The discussion about unemployment in political debates around the world has finally landed in Nigeria. A lot of this was seen in the run-up to the 2015 presidential elections, with a considerable part of the fact-based debates anchored on jobs created as against jobs that could be created.
A lot has been said of the definition of an unemployed person and how unemployment is measured, which varies from country to country. Some countries count insured unemployed only, some count those in receipt of welfare benefit only, some count the disabled and other permanently unemployable people, some countries count those who choose (and are financially able) not to work, supported by their spouses and caring for a family, some count students at college and others use household surveys to estimate, each with its own strengths and weaknesses.
Nigeria to all intents and purposes, aligns with the definition of the International Labour Organization (ILO), which also uses household surveys in estimating the number of unemployed. The ILO states that unemployment refers to those who are currently not working but are willing and able to work for pay, currently available to work, and have actively searched for work. This definition however puts a spin to what the results of a job creation survey in Nigeria would be; due to the social make-up of the Nigerians. A recent study by the Gates Foundation and the Clinton Foundation showed that Nigerian women lead the pack of female entrepreneurs in the world and are 4 times more likely to become entrepreneurs than their counterparts in the US. The reasons quite frankly, are simple, as while the US and many developed nations have unemployment benefits and other social security income for their citizens, the social safety nets in Nigeria simply don’t exist; so, it’s down to the simple options: to work or to starve.
This easily explains why Sub-Saharan Africa has the highest labour force participation rate in the world, according to the ILO’s 2015 employment trends report, estimated at 70.9 percent, compared with a global average of 63.5 percent in 2014. In addition, unemployment, at a rate just under 8% in 2014, is expected to remain stable across the region through to 2016. The youth-to-adult employment ratio is 1.9 – the lowest of all regions worldwide and without a doubt, Sub-Saharan Africa has the highest rate of working poverty and vulnerable employment across all regions.
Again, one seeks to ask, how this can be so with Africa exhibiting the highest poverty rates in the world. The answers lie in the definitions and targeting of core unemployed people (those who are currently not working but are willing and able to work for pay, currently available to work, and have actively searched for work) and the public’s mental addition of the sub-regions underemployed population (people not having enough paid work or not doing work that makes full use of their skills and abilities). While the number of underemployed people remains high within the region, the unemployment rate remains low.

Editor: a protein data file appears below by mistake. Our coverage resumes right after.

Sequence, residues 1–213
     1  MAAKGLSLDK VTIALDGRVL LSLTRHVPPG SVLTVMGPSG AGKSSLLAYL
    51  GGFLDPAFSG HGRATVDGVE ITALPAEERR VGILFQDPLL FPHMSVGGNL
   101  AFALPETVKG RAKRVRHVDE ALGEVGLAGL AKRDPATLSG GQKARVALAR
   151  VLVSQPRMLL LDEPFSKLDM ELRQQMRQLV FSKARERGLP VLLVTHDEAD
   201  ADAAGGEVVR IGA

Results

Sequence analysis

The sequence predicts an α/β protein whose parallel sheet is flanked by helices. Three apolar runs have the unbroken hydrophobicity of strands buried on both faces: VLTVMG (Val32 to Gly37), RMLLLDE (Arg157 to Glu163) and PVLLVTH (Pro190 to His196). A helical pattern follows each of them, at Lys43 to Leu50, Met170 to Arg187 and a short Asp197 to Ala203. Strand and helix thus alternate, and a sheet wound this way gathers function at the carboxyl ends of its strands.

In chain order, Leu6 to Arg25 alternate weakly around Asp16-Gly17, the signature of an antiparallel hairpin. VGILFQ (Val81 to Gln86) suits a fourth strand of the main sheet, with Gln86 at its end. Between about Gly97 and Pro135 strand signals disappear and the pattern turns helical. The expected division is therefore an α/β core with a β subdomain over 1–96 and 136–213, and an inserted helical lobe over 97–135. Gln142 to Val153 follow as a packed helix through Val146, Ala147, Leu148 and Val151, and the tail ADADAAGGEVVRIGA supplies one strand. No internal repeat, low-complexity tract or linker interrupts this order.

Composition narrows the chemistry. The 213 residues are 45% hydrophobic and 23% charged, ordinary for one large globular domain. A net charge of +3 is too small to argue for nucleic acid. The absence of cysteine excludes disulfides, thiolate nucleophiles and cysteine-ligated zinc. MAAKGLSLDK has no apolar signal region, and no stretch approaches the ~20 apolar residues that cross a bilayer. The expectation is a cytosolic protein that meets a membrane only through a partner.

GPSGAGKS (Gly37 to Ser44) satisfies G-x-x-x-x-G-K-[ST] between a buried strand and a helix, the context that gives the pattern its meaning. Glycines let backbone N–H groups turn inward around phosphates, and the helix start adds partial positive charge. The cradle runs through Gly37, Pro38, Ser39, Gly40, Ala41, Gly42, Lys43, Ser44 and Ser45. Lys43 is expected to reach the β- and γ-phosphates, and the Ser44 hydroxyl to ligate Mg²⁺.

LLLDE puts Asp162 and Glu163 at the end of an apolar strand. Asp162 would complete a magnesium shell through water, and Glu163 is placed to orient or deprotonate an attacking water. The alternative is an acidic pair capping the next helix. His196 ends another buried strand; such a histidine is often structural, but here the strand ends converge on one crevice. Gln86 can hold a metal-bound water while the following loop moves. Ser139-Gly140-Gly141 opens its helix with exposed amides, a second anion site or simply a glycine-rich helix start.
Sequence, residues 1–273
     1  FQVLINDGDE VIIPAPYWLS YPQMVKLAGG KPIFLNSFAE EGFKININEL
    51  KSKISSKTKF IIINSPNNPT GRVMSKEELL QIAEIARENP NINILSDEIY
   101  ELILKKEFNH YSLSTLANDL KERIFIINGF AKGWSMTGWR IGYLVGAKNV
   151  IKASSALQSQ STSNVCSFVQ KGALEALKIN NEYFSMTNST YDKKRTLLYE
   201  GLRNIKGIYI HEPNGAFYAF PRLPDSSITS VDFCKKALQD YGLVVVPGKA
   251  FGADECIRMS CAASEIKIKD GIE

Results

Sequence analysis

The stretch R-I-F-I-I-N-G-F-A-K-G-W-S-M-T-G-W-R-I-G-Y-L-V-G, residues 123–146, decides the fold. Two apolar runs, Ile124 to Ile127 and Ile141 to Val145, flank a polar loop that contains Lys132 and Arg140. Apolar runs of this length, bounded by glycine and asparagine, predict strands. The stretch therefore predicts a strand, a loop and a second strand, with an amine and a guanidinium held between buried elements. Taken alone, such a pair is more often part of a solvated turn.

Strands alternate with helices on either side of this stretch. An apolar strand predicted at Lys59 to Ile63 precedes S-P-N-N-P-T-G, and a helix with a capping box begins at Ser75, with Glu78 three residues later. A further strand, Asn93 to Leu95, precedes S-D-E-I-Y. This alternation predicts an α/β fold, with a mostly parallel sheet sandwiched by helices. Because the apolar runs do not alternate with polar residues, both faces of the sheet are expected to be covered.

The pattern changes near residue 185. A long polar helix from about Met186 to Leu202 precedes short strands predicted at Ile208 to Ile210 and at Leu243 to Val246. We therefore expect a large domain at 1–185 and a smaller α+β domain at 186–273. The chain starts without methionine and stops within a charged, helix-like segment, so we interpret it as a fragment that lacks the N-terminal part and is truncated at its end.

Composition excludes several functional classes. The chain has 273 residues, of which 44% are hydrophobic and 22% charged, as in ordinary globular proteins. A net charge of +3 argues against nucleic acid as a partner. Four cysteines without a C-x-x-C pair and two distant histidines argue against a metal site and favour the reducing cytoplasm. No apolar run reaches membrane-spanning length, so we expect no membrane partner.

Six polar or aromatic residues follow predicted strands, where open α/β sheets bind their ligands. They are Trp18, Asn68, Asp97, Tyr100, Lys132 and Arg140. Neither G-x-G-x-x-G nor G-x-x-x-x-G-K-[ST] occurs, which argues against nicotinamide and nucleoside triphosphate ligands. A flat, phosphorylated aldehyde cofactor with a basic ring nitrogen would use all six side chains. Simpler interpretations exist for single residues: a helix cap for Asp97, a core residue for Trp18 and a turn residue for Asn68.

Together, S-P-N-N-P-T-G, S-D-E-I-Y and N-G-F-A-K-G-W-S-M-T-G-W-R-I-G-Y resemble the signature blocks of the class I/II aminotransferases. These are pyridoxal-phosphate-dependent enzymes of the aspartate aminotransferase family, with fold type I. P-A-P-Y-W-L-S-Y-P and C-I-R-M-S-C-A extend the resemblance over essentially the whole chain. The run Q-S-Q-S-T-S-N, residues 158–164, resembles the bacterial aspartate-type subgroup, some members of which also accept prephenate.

Mr. Oladele, a secondary school teacher in Lagos, when asked how many unemployed people(by definition) he knew, responded by saying the society doesn’t have much room for such individuals. “If you don’t work, you don’t eat” he said, “even the bible states that. Of Course there are a few fresh graduates looking for white collar jobs who can fall into this definition, but hunger doesn’t keep them there for long, as before long they are forced into the streets to hustle a living for themselves”.
Yomi Fawehinmi, a pastor, says that he encounters one unemployed person to every five employed persons, as he executes his pastoral activities. He believes that more should be done to improve the quality of jobs in the region, as more and more people are falling into the underemployment numbers, all in the name of finding a job.
“My driver finished his HND since January”, he said, “His school has 2 batches of graduates that haven’t served, with his set to make the April batch of next year, that the definition makes him employed, even though he is underutilised, is just unacceptable”
Lead Economist and Acting Country Manager, World Bank, Mr. John Litwack, also believes that Nigeria’s employment challenge is more of underemployment rather than unemployment. This submission which is also contained in the World Bank report entitled ‘Nigeria Economic Report’ showed that poverty reduction in Nigeria was primarily an urban phenomenon as poverty remained high in the rural areas.
What are the realities however? It is that both underemployment and more importantly unemployment, be stamped out in Nigeria, as contract staffing and precarious work is a major problem besetting decent work and social justice in the Nigerian work environment. The shift away from regular employment into temporary work or jobs through agencies and labour brokers is having a deep impact on all workers, their families, and on the society. Erosion of the employee-employer relationship, often the basis of labour law, is leading directly to a growing number of violations of workers’ rights. So, while Nigeria continues to focus on reducing the unemployment rate, a bigger and more pertinent challenge of underemployment, continues to stare it in the face.